One cello was destined to become a canvas when a 63-year-old musician with two cellos and an artist fresh out of high school regularly volunteered together at The Carrot. After all, Bernadette Alseth could not play both cellos simultaneously. During one of their conversations, Alseth asked the artist, Ariel Casapao Jr., to read John McCrae’s poem, In Flanders Fields.
Some people question the lasting importance of the poem. Those questioners may not know that Nov. 11, while honouring veterans of all wars, is really about the First World War. It commemorates the armistice signed between the Allies and Germany at Compiègne, France, for the cessation of hostilities on the Western Front. The armistice took effect on the 11th month, 11th day, 11th hour, and 11th minute of 1918. Continue reading Honouring family and Remembrance Day My Father’s Cello brings popular wartime poem to life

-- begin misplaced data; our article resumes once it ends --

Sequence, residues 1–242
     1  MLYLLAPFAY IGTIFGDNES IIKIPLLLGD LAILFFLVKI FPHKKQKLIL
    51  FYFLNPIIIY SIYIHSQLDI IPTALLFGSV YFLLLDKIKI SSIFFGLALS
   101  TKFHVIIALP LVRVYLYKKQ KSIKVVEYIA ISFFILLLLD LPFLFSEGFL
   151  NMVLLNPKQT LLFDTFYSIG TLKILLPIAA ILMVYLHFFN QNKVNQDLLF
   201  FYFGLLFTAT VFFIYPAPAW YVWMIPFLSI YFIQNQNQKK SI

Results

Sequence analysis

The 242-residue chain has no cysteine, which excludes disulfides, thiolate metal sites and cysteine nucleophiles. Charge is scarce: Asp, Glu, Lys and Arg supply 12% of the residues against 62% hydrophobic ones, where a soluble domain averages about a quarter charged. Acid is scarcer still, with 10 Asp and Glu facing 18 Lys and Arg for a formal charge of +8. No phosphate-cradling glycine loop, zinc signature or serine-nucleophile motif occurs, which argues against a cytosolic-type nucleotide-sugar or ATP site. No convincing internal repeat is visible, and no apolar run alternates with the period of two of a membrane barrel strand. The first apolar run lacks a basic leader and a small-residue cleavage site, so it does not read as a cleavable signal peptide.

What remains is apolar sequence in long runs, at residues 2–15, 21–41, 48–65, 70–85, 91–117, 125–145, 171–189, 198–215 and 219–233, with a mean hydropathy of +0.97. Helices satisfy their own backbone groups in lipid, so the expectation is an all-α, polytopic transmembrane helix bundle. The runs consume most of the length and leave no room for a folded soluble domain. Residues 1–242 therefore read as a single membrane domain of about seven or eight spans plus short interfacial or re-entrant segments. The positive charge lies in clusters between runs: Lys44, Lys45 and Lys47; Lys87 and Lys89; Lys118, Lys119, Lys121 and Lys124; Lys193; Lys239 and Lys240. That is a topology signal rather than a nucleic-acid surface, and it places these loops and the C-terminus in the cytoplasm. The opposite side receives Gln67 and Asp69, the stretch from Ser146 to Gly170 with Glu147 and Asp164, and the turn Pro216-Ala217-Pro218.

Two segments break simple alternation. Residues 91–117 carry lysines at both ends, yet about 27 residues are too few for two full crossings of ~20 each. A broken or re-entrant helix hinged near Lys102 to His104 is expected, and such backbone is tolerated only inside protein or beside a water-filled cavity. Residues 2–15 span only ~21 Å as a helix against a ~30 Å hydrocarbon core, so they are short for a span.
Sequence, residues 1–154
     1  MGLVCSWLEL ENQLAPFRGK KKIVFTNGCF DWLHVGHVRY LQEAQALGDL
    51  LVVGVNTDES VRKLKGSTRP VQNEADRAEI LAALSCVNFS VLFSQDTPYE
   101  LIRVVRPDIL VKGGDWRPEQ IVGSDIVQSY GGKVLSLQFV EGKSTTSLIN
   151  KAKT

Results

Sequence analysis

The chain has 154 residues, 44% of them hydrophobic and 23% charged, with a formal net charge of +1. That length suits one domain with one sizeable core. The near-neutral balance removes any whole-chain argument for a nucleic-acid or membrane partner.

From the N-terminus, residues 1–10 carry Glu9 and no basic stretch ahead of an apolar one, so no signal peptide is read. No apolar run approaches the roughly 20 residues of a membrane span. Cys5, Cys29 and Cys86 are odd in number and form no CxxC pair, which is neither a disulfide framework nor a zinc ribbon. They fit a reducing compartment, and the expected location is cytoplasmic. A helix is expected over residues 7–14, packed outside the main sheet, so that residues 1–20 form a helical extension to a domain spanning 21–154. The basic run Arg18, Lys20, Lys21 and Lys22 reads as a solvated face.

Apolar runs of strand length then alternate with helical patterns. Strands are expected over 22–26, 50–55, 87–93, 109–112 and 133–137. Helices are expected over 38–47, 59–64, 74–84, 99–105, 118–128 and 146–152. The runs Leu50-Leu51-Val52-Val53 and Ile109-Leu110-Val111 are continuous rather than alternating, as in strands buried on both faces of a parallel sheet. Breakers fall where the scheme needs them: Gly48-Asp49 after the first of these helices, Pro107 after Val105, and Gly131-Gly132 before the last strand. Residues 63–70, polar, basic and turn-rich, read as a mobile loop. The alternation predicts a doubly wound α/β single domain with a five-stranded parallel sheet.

Growing up as a post-war baby boomer, I’ve often thought the Second World War cast a shadow over my childhood and youth. My father lived through occupied France between the ages of eight and 13. My close friend’s father was a veteran who had marched north up the Italian peninsula with the Canadian Army. My grandmother would speak sadly of her older brother, who was lost when his plane went down while serving in the air force. War left a strong impression on these people which took a long time to process, not only touching them but also those close to them.